Acipenser persicus 

Scope: Global
Language: English

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Taxonomy [top]

Kingdom Phylum Class Order Family
Animalia Chordata Actinopterygii Acipenseriformes Acipenseridae

Scientific Name: Acipenser persicus Borodin, 1897
Regional Assessments:
Common Name(s):
English Persian Sturgeon
Taxonomic Notes: In the past, Persian Sturgeon was considered a subspecies of A. gueldenstaedtii (A. g. persicus). Since 1973 (Lukyanenko and Korotaeva), based on immunological, biological and reproduction studies and also the morphological differences, it is currently accepted as a species. Based on mitochondrial DNA analysis no molecular marker has been found to differentiate between these two species. Research is still ongoing. In Iran catch for the two species exists for the past 40 years where managers and fishermen use 7-8 morphometric differences to separate these two species (M. Pourkazemi pers. comm.). A large scale study (joint between Iran and Russia) on the genetic and morphometric differences between these two species is needed. This was identified as a priority in the World Bank sponsored Regional Workshop on Sturgeon Genetics, June 2009.

Assessment Information [top]

Red List Category & Criteria: Critically Endangered A2cde ver 3.1
Year Published: 2010
Date Assessed: 2009-10-24
Assessor(s): Gesner, J., Freyhof, J. & Kottelat, M.
Reviewer(s): Pourkazemi, M. & Smith, K.
It is difficult to distinguish a decline of the wild populations due to the long term stocking of the species. However, it is suspected that the native wild population has declined by over 80% in the past three generations (estimated at 42 years) as all the wild populations have almost disappeared, apart from the restocked individuals from Iran. There are only occasional records from the northern Caspian basin (in 2008, 100 immature individuals were caught in the northern Caspian basin (Mugue pers. comm.)). Overfishing at sea for caviar will soon cause extinction of natural populations.
Previously published Red List assessments:

Geographic Range [top]

Range Description:This species is known from the Caspian basin, being most abundant in southern part. In its past distribution, the Persian Sturgeon ascended all rivers around the Caspian Sea. It currently now only ascends lower courses of Iranian rivers, the Volga and Ural, and may enter the Terek and Kura. It is not currently stocked in Russia. More than 80% of total sturgeon stocking in Iran is for this species (Pourkazemi pers. comm.). In 1998, 24.5 million fingerlings were released (Abdolhay and Baradaran Tahouri 2006), but in 2008 only 10 million fingerlings were released.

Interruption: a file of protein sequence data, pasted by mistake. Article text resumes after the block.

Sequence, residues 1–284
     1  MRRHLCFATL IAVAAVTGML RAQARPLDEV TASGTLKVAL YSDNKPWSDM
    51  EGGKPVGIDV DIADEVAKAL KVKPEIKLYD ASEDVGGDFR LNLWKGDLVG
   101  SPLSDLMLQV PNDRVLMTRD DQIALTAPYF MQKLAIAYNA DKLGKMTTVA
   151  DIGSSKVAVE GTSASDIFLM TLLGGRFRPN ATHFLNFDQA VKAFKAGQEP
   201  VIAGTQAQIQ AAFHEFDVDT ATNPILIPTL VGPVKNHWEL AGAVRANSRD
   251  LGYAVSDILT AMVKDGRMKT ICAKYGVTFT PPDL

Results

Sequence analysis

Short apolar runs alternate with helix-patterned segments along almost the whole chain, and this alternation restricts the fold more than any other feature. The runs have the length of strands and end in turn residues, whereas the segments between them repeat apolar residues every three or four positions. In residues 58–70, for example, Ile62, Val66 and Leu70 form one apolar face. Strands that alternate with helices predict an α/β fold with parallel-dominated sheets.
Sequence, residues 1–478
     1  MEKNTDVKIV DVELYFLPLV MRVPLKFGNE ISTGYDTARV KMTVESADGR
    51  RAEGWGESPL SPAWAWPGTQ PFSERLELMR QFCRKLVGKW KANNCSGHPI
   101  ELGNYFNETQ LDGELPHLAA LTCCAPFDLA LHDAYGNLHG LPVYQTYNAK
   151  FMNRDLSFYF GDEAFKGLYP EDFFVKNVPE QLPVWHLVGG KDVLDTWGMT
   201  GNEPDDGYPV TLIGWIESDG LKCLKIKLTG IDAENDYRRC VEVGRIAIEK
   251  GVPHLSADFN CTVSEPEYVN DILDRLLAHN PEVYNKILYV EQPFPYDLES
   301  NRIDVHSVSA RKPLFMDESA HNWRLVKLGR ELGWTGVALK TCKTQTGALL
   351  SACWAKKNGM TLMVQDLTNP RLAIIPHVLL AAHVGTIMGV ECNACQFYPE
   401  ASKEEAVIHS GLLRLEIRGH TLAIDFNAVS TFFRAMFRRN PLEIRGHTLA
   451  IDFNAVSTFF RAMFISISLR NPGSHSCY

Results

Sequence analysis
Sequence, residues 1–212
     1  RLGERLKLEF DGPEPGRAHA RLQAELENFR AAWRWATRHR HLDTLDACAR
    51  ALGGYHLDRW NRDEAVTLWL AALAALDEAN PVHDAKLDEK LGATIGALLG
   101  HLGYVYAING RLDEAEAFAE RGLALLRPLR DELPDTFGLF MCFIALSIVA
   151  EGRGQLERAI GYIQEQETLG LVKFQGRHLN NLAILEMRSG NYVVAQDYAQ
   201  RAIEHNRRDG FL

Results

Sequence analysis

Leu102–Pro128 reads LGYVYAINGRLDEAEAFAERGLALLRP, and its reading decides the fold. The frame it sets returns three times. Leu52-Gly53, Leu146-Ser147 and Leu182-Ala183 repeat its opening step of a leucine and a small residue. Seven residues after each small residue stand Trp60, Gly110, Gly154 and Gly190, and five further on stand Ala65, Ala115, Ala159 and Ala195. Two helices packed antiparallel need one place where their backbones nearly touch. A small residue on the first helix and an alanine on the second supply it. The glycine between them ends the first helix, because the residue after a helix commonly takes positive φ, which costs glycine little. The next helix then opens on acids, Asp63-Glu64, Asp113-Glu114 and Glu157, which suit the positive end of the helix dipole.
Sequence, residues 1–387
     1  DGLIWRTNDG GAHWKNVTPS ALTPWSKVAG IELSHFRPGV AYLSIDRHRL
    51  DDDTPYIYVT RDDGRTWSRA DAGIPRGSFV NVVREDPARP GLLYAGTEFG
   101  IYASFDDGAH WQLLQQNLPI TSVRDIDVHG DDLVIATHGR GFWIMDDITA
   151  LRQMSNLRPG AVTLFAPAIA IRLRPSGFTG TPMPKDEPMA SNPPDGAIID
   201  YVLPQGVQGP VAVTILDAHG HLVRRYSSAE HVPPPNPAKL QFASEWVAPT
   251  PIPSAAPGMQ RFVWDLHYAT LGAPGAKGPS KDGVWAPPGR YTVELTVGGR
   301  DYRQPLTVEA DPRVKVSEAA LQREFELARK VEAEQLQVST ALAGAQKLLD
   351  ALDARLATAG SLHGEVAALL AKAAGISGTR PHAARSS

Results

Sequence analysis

Countries occurrence:
Azerbaijan; Iran, Islamic Republic of; Kazakhstan; Russian Federation; Turkmenistan
Additional data:
Range Map:Click here to open the map viewer and explore range.

Population [top]

Population:The only legal commercial exploitation of this species is in Iran (mainly from hatchery stock). Restocking in Iran started in 1969. It is estimated that 80% of catch originates from stocked individuals (Pourkazemi pers. comm.).

Iranian catch data shows that there has been between 54-56% decline from 1960/65 to 2006; the catch has continued to decline since 2006 but data is not yet available for this time period. The decline in catch does reflect a decline in abundance even though there are fisheries regulations and a reduction in catch effort (Pourkazemi pers. comm.).

In Russia, commercial catch in the Caspian Sea has been banned since 2000. The 2007 Quota for scientific catch was 8 tonnes; it is unknown if this was met.  

The following Iranian catch data (Pourkazemi 2006) shows the total sturgeon catch from Iran (it is estimated that approximately 40% of the catch from 1960 to 1989 and 50% of the catch between 1990 and 2007 was of A. persicus, Pourkazemi pers. comm.):

1960 - 2,000 tonnes (A. persicus = 440 tonnes)
1965 - 2,100 tonnes (A. persicus = 462 tonnes)
1970 - 3,000 tonnes (A. persicus = 750 tonnes)
1975 - 1,675 tonnes (A. persicus = 302 tonnes)
1980 - 1,429 tonnes (A. persicus = 372 tonnes)
1985 - 1,650 tonnes (A. persicus = 297 tonnes)
1990 - 2,645 tonnes (A. persicus = 582 tonnes)
1995 - 1,500 tonnes (A. persicus = 480 tonnes)
1997 - 1,300 tonnes (A. persicus = 559 tonnes)